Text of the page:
Network of scientists
EUR-OCEANS (European Network of Excellence for Ocean Ecosystems Analysis) was a network of excellence co-funded by the Sixth Framework Programme for Research and Technological Development of the European Communities (FP6). The specificity of the Networks of Excellence is that they are not simply an additional research programme. Their purpose is to structure/federate European research in an area of excellence.
EUR-OCEANS started in January 2005, running for 4 years until December 2008. It gathered more than 500 researchers from 60 research institutes and universities from 25 countries. The goal of this programme ended in 2008, was to bring together scientists studying the impact of climate change and human activities on marine ecosystems.
EUR-OCEANS focused on seven systems
- Arctic Seas
- Baltic Sea
- Mediterranean Sea
- North Atlantic
- North Atlantic shelves
- Southern Ocean
- Coastal upwelling areas
- To understand as well as possible, the effects of climate changes and anthropogenic forcing on the marine environment, fish and other living resources.
- To predict the impacts of those pressures on marine pelagic (i.e. offshore) ecosystems in the near future (next 50 to 100 years).
The latter is a key scientific, economic and social problem. Indeed, 60% of the World's ecosystems are degraded, especially marine ecosystems, and these are crucial for climate regulation and as food resources. Changes during the coming decades are likely to be very problematic.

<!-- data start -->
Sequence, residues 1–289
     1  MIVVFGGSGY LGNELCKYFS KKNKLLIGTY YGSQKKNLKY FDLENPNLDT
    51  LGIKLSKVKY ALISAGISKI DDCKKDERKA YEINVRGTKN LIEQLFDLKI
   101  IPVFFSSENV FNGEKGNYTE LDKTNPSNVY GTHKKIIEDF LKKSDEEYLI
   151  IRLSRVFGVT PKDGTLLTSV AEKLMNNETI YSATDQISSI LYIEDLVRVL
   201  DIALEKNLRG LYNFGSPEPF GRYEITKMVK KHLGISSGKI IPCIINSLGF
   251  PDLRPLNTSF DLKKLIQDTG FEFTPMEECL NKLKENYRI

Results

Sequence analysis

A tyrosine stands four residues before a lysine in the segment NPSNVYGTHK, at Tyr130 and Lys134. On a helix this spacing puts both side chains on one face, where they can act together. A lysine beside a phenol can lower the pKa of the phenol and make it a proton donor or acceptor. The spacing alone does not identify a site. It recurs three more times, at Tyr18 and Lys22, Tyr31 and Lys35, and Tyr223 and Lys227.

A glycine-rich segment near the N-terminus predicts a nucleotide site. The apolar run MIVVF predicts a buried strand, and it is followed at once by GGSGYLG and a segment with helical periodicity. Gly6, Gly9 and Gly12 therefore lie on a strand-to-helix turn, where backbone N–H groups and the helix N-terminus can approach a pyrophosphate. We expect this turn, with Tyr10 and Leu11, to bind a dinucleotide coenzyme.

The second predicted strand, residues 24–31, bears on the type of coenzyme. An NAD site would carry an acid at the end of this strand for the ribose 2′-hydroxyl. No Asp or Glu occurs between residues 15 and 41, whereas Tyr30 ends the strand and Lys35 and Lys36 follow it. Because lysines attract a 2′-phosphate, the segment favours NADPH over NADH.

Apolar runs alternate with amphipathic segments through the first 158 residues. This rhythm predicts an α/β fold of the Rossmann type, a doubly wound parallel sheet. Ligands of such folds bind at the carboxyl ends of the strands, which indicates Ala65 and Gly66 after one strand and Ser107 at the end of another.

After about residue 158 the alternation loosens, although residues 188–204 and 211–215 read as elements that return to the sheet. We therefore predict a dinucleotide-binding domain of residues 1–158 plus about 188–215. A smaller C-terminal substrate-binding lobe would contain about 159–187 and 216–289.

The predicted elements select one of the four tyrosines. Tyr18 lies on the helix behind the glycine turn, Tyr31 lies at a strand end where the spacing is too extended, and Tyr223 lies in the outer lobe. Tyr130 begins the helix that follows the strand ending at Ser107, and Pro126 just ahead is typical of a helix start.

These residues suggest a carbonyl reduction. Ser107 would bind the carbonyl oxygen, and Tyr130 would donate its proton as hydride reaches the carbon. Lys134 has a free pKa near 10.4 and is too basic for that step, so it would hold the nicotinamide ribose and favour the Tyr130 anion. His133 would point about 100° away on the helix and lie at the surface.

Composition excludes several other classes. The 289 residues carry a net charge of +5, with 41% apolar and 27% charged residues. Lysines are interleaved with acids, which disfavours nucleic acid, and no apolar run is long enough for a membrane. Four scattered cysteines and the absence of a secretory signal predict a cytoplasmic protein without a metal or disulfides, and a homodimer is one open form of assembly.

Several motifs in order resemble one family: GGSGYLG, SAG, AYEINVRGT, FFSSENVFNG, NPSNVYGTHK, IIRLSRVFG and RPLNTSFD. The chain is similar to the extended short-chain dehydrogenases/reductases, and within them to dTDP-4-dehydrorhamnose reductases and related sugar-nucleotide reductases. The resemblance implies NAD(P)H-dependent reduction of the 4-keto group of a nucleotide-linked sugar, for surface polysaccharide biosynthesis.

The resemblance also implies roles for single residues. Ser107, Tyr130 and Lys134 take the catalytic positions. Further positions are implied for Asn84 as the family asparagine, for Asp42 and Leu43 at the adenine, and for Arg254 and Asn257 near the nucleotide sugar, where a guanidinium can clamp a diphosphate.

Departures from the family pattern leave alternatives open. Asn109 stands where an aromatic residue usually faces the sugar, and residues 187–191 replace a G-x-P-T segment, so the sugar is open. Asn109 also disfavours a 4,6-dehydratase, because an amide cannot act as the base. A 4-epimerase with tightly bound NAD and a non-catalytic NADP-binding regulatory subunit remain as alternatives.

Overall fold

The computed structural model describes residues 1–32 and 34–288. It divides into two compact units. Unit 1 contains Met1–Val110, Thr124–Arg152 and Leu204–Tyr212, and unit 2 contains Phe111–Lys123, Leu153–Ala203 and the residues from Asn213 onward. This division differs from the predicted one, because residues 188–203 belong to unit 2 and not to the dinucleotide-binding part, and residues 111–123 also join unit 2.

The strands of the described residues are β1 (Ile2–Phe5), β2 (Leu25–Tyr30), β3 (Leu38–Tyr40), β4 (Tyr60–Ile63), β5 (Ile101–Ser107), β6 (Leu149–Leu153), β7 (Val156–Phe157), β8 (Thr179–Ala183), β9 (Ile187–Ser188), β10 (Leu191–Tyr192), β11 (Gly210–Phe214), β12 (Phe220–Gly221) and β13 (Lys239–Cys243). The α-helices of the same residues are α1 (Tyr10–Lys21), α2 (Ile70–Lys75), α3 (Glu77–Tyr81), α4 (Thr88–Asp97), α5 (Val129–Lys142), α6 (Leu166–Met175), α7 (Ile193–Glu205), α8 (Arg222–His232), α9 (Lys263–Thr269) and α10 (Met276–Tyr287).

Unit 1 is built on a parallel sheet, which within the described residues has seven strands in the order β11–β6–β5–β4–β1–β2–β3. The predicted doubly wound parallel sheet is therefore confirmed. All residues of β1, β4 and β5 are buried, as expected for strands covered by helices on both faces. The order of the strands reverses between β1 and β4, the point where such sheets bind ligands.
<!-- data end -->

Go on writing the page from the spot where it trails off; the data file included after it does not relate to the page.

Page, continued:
The approach will be through modelling techniques. Models are the only way to make predictions by changing input variables. For example, what would happen if the concentration of CO2 in the atmosphere was multiplied by 2? By 4?
EUR-OCEANS simultaneously use global and regional approaches. The first helps to create models that simplify the complexity of the natural environment to thus allow the simulation of past and present conditions, and the prediction of changes on a large scale. The second, focused on economically or ecologically sensitive environments, allows us to understand and predict changes on smaller scales.